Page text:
Tag Archives: writing

Three Unique Techniques I’ve Used to Cope with Anxiety (That Worked)



When you have a mental illness, resourcefulness can be your best company. We can be known for our creativity and innovation because we couldn’t possibly survive a day or overcome hurdles without those traits.

I started seeking therapy for my anxiety in 2012. In therapy, I learned the conventional ways to deal with my anxiety attacks and social anxiety–Cognitive Behavioral Therapy and abdominal breathing exercises to name a few. But I soon realized that to conquer my mental illness, I needed to take some matters into my own hands by finding my own personal DIY therapies. This resulted in finding several non-traditional yet effective ways of overcoming my anxiety disorders. With these stories, you may also consider these ideas to help you conquer your own personal issues.

Rock music helped me to conquer my fear of bridges

It all started with an intense fear of driving.

Learning to drive was what caused me to seek help for my anxiety in the first place. Even though I had passed my driving test, obtained a license, and eventually drove home in my first new (used) car, I was still plagued with obsessive thoughts about having an accident. I would have dreams about it. I would sit at my cubicle at work, thinking of every possible disaster that could happen while driving home from work. At first, I just brushed it off (I was so used to anxiety that I couldn’t notice the fact that it was pathological). And then the panic attacks started.

I remember the first panic attack. It was 5 pm and my workday ended at 5:30. So that meant I would be driving home in thirty minutes. I started to obsess over the thought of getting into an accident. And that’s when I started to have heart palpitations. And trouble breathing. And a sudden headache. And hands that trembled so bad that I could no longer write or type. I remember running to the bathroom and crying in the bathroom stall, waiting for the time, or waiting for a future disaster. It took several minutes to realize what was happening and it took as much time to calm down enough in order to drive home (slowly, but surely).

That was only the first. I had another one the next day. And the next day. And the day after that, all happening around 5 pm. It was as if I had tricked my body into thinking that this was what it was supposed to do, and I was trapped.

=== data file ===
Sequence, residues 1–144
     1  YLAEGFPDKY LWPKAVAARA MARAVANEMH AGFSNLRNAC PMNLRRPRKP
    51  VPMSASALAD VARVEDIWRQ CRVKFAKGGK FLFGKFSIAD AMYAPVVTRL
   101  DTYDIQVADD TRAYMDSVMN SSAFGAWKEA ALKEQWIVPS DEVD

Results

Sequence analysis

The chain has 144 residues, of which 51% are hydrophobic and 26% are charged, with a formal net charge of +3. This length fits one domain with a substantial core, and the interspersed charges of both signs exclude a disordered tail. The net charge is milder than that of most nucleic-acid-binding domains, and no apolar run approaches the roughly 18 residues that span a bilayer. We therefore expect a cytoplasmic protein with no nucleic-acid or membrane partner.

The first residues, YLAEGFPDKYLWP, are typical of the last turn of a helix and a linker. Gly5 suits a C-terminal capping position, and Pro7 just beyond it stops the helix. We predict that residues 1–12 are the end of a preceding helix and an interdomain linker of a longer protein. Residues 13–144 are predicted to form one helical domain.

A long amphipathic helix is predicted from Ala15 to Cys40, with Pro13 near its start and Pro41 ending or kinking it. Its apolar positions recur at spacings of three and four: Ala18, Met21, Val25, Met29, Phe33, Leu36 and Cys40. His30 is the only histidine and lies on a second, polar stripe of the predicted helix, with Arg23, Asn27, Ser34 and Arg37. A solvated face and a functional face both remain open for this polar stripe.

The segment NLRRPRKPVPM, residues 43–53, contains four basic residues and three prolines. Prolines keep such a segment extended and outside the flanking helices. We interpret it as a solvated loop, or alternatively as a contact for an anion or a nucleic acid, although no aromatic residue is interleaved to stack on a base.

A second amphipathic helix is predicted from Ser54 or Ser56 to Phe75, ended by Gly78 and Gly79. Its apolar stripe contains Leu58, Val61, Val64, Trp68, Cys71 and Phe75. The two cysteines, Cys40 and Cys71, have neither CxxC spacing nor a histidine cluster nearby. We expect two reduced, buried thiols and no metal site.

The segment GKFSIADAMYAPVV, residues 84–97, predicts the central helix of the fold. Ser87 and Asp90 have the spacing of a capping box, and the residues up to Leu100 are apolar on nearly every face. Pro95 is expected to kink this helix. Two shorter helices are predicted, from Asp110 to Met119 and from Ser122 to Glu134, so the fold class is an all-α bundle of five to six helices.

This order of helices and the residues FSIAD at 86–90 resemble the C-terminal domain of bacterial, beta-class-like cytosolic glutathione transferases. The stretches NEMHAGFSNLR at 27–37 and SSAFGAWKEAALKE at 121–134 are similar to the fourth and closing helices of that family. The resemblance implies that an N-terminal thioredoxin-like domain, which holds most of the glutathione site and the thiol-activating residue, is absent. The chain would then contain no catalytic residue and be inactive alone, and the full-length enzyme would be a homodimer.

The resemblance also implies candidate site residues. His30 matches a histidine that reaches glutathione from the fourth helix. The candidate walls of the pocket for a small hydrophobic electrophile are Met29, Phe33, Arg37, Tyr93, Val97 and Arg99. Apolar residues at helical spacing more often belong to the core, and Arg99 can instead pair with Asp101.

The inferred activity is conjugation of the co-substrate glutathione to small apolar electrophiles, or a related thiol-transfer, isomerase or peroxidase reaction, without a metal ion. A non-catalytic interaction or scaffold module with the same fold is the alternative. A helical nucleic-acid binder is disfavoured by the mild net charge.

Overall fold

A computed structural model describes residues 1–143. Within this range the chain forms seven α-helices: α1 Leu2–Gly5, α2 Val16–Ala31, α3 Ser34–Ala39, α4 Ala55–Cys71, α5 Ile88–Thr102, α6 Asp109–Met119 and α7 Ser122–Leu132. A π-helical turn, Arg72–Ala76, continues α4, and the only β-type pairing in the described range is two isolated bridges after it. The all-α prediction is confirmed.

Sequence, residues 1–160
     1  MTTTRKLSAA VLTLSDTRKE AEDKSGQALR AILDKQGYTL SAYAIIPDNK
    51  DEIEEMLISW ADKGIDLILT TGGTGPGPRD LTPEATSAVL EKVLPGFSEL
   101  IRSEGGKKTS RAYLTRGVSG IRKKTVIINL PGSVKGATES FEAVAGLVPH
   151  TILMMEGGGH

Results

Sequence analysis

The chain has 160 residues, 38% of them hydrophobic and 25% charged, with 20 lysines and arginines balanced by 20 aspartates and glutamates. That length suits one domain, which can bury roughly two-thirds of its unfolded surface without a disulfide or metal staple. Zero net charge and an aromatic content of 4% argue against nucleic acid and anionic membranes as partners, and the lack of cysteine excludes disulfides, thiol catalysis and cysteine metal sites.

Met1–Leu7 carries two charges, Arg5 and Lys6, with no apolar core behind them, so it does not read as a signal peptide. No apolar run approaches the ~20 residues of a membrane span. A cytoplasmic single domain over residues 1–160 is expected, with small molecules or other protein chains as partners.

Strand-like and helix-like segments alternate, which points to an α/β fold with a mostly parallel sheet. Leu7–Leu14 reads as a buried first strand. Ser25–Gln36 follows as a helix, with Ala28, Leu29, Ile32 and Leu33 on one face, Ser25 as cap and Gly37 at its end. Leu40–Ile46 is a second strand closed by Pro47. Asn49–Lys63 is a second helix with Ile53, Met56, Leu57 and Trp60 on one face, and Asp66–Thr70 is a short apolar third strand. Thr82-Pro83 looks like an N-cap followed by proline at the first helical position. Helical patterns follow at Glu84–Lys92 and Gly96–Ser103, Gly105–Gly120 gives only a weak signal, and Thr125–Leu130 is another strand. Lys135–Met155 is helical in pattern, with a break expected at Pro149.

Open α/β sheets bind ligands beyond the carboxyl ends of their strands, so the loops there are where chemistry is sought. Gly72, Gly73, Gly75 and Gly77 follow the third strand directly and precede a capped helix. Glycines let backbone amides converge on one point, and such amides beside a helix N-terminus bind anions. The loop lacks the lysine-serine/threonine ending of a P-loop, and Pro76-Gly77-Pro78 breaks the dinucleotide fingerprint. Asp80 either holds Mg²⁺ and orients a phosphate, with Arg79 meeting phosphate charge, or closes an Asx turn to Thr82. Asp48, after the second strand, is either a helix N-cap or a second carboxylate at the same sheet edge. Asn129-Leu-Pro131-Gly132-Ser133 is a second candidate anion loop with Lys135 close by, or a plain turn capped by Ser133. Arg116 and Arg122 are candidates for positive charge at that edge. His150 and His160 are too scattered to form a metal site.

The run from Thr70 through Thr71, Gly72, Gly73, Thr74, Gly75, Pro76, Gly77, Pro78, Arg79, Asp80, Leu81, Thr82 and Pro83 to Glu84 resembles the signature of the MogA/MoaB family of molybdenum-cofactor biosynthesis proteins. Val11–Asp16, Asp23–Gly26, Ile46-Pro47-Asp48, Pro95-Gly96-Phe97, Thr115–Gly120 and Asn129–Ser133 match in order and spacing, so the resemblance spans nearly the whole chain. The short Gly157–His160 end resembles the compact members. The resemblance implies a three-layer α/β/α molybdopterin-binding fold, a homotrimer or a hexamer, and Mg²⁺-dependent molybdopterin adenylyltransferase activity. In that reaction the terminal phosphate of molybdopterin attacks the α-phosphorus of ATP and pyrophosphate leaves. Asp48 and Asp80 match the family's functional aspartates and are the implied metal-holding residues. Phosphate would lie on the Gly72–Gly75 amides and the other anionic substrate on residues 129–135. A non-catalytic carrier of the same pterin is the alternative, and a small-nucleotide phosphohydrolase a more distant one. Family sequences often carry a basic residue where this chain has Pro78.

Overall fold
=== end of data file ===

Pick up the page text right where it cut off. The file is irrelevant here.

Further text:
This was how I finally gave in and went to see a psychiatrist and a therapist. After my diagnosis and several months of medication and therapy, I was able to drive home or to the grocery store without trembling hands on the steering wheel. However, I still had a long way to go. I was still afraid to drive over a bridge (a sudden phobia–I was able to drive over a bridge before the panic attacks started). No matter how many times I drove over the bridge that lead me to work, I still suffered from heart palpitations and tension headaches during the ordeal.

And then, salvation came. In the form of AC/DC. No, I’m being serious here.

One morning, I was driving to work and practicing my breathing exercises as my body prepared for an anxiety attack at the sight of the approaching bridge. And just before the bridge, while struggling to keep my breathing steady, AC/DC’s “Highway to Hell” started playing on the Classic Rock radio station. What better song to describe the current situation.

And that’s when I noticed something. My fear turned into excitement. The symptoms of an anxiety attack washed away as I sped along the elevated expressway at 60 mph, singing along to the chorus. Once I got off the bridge, I had to stop on the side of the road in order to process what had happened. That song did more for my anxiety than the Cymbalta I was being prescribed.

So I downloaded “Highway to Hell” on my phone, then played it again while driving home. And when it work a second time, I found a plan. I downloaded more AC/DC music and played it while driving over the bridge before graduating to other rock songs on a playlist.

In months I went from avoiding a small bridge to driving on the Greater New Orleans bridge while blaring “Hell’s Bells.”.

And when I told my psychiatrist about my new way of coping with anxiety, he found it amusing–and smart.

“It’s more common than you think actually,” he told me. “I think the music is hyping you up to face your fears. Music like that can do that to a person. In fact, many people in sports say that how they listen to rap or rock music to gear up for a big game.”

This may seem like anecdotal evidence that certain music will help with anxiety–but there’s more to it than that. A recent study for that, contrary to what you might think, rock music actually has a calming effect on people and has been known to be beneficial for anxiety.

So what can you conclude? Can rock music help you with anxiety? Who knows. But it never hurts to try.

Alternative make-up helped me to overcome my social anxiety